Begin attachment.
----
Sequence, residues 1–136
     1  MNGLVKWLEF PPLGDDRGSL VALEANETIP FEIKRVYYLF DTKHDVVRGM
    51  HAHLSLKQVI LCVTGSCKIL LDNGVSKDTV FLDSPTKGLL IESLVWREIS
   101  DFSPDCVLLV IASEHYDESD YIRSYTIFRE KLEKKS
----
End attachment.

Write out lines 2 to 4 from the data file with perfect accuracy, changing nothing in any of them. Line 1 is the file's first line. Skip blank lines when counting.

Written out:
     1  MNGLVKWLEF PPLGDDRGSL VALEANETIP FEIKRVYYLF DTKHDVVRGM
    51  HAHLSLKQVI LCVTGSCKIL LDNGVSKDTV FLDSPTKGLL IESLVWREIS
   101  DFSPDCVLLV IASEHYDESD YIRSYTIFRE KLEKKS